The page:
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Review: The Sketch-Book of Geoffrey Crayon, Gent.User Review - Timothy Ferguson - Goodreads
The Sketch-Book of Geoffery Crayon, Gent. by Washington Irving was revolutionary in its time, and I've meant to read or listen to it for a few years, but I feel its main appeal factors have been ... Read full review
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Review: The Sketch-Book of Geoffrey Crayon, Gent.User Review - Goodreads
Irving is a much better writer than people think, and his nonfiction is as good as or better than his fiction. The Sketch-Book is a collection of essays with three ghost stories merged in. Two are ...
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abbey ancient antiquity arms aunts Baron beauty bosom bustling castle chamber character charms church cloisters cottage coun countenance crowd Dame Van Winkle deep delight distant door dust earth Eastcheap Edward the Confessor elegant England English Falstaff fancy feelings flowers friends funeral gaze George Somers grave hand heard heart heaven hour humble Jack Straw kind land living London Stone looked Maid's Tragedy meditation melancholy mind mingled monument mountain nature neighbouring never noble Odenwald once passed Peter Stuyvesant poem poet poetical poor pride quarto quiet racter recollection Rip Van Winkle Robert Preston Roscoe round rural scene seat seemed sepulchre silent solemn sorrow soul spectre spirit story strange stranger sweet tale tender thing thought tion tomb tower trees verger village voice wandering Wat Tyler WESTMINSTER ABBEY whole wife wild William Walworth window writers Wurtzburg young
Page 88 - Rip's heart died away at hearing of these sad changes in his home and friends, and finding himself thus alone in the world. Every answer puzzled him, too, by treating of such enormous lapses of time and of matters which he could not understand: war — congress — Stony Point. He had no courage to ask after any more friends, but cried out in despair, "Does nobody here know Rip Van Winkle?" "Oh, Rip Van Winkle!" exclaimed two or three. "Oh, to be sure! That's Rip Van Winkle yonder, leaning against...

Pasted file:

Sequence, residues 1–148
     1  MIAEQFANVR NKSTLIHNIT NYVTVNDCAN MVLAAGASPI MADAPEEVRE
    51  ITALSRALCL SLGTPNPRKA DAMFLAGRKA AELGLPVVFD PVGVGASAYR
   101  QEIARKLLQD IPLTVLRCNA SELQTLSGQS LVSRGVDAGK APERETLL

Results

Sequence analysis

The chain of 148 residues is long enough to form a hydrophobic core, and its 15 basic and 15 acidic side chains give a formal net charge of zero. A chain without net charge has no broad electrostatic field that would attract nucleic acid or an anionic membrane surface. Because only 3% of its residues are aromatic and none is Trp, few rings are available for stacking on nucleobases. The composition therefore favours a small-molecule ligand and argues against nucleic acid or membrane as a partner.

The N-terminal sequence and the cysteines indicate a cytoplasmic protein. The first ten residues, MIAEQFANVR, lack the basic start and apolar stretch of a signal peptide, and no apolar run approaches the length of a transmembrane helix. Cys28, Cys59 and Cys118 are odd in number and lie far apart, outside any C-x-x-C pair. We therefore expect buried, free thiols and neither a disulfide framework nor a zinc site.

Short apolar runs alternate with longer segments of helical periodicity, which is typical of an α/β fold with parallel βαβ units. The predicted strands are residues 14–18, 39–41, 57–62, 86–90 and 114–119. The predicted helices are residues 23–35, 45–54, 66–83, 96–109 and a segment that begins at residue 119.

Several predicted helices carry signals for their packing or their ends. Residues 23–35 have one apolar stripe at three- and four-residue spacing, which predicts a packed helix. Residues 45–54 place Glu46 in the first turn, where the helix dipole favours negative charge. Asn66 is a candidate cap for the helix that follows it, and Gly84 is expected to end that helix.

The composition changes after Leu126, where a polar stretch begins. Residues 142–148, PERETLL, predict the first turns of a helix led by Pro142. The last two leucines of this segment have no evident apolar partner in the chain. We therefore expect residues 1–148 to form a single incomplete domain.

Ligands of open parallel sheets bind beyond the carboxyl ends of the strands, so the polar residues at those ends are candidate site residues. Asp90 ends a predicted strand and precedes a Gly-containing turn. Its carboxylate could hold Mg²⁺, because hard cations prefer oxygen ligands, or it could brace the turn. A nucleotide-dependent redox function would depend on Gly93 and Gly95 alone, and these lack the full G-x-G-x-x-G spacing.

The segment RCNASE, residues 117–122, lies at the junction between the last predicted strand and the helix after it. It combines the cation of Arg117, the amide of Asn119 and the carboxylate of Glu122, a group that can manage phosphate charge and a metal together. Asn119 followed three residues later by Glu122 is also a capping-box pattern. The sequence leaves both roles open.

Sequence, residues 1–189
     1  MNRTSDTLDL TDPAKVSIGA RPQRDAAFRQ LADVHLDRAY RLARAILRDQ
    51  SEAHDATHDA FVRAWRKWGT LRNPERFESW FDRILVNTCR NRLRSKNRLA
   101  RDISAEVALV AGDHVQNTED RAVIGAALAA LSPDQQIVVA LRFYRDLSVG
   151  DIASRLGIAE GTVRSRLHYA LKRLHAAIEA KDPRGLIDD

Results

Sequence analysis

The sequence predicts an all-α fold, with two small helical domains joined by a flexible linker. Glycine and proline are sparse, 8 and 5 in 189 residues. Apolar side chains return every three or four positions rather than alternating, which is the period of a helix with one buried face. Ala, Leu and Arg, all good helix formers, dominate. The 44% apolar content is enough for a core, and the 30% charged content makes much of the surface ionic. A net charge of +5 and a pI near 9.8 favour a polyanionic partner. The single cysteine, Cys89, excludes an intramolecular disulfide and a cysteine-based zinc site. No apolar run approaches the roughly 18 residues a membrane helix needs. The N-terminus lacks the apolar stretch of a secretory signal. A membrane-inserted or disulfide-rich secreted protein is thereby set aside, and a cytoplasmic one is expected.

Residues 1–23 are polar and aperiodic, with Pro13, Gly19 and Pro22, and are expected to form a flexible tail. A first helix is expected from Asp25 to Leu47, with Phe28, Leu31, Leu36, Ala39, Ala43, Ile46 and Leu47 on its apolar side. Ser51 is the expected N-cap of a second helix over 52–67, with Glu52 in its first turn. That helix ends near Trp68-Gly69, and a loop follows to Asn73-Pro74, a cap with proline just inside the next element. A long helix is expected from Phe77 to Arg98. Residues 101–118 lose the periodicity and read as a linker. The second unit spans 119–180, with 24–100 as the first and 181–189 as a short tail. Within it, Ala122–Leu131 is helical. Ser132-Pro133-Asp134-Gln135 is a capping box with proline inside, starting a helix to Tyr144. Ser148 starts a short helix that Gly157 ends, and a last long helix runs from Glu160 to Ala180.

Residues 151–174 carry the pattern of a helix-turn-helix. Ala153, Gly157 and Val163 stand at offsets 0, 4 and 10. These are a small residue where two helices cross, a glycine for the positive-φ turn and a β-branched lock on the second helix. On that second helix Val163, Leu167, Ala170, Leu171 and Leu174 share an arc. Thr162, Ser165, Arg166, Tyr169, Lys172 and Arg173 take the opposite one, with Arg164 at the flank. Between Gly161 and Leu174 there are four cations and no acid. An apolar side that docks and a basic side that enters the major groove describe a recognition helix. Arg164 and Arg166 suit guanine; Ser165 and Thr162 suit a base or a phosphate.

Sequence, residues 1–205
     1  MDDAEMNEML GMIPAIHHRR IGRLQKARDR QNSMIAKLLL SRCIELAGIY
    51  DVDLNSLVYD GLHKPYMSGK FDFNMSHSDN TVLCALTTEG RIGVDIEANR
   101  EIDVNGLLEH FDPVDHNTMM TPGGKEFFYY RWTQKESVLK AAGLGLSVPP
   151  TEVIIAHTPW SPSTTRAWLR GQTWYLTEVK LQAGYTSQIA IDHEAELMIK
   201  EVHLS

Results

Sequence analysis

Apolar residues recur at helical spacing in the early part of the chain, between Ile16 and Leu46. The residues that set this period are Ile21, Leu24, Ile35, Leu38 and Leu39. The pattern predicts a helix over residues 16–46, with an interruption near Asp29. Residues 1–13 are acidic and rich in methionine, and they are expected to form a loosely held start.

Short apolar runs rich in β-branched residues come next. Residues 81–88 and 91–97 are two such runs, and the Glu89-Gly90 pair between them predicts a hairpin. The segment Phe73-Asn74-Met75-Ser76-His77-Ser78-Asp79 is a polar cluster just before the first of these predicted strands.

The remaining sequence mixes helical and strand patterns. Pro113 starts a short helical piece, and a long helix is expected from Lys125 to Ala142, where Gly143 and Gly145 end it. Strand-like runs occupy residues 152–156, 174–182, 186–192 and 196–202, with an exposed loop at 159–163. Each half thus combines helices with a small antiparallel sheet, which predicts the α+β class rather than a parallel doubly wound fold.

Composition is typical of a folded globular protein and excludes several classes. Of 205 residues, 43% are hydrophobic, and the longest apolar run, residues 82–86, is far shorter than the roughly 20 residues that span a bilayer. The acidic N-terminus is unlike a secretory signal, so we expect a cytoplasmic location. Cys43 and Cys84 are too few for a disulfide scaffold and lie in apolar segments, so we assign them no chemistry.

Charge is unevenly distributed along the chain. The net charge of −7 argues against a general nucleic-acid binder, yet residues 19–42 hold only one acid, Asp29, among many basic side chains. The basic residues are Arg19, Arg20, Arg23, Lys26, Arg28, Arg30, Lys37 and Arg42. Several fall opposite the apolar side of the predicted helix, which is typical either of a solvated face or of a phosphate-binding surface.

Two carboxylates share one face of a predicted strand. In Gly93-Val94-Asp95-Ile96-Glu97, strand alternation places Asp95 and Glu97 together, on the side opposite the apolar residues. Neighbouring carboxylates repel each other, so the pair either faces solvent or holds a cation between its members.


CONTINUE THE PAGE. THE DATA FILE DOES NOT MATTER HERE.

Page 76 - ... narrow gully, apparently the dry bed of a mountain torrent. As they ascended. Rip every now and then heard long rolling peals, like distant thunder, that seemed to issue out of a deep ravine or rather cleft between lofty rocks, toward which their rugged path conducted.
Page 67 - The great error in Rip's composition was an insuperable aversion to all kinds of profitable labor. It could not be from the want of assiduity or perseverance ; for he would sit on a wet rock, with a rod as long and heavy as a Tartar's lance, and fish all day without a murmur, even though he should not be encouraged by a single nibble.
Page 78 - What seemed particularly odd to Rip was, that, though these folks were evidently amusing themselves, yet they maintained the gravest faces, the most mysterious silence, and were, withal, the most melancholy party of pleasure he had ever witnessed. Nothing interrupted the stillness of the scene but the noise of the balls, which, whenever they were rolled, echoed along the mountains like rumbling peals of thunder.
Page 73 - Wolf would wag his tail, look wistfully in his master's face, and if dogs can feel pity I verily believe he reciprocated the sentiment with all his heart.
Page 87 - It was with great difficulty that the self-important man in the cocked hat restored order; and, having assumed a tenfold austerity of brow, demanded again of the unknown culprit, what he came there for and whom he was seeking. The poor man humbly assured him that he meant no harm, but merely came there in search of some of his neighbors who used to keep about the tavern. "Well, who are they? Name them.
Page 70 - The moment Wolf entered the house his crest fell, his tail drooped to the ground, or curled between his legs, he sneaked about with a gallows air, casting many a sidelong glance at Dame Van Winkle, and at the least flourish of a broomstick or ladle he would fly to the door with yelping precipitation.
Page 69 - If left to himself, he would have whistled life away in perfect contentment; but his wife kept continually dinning in his ears about his idleness, his carelessness, and the ruin he was bringing on his family.
Page 90 - The bystanders began now to look at each other, nod, wink significantly, and tap their fingers against their foreheads. There was a whisper, also, about securing the gun, and keeping the old fellow from doing mischief, at the very suggestion of which the selfimportant man in the cocked hat retired with some precipitation.
Page 74 - He saw at a distance the lordly Hudson, far, far below him, moving on its silent but majestic course, with the reflection of a purple cloud, or the sail of a lagging bark,* here and there sleeping on its glassy bosom, and at last losing itself in the blue highlands.
From Google Scholar
Sandra A Zagarell - 1987 - Tulsa Studies in Women's Literature
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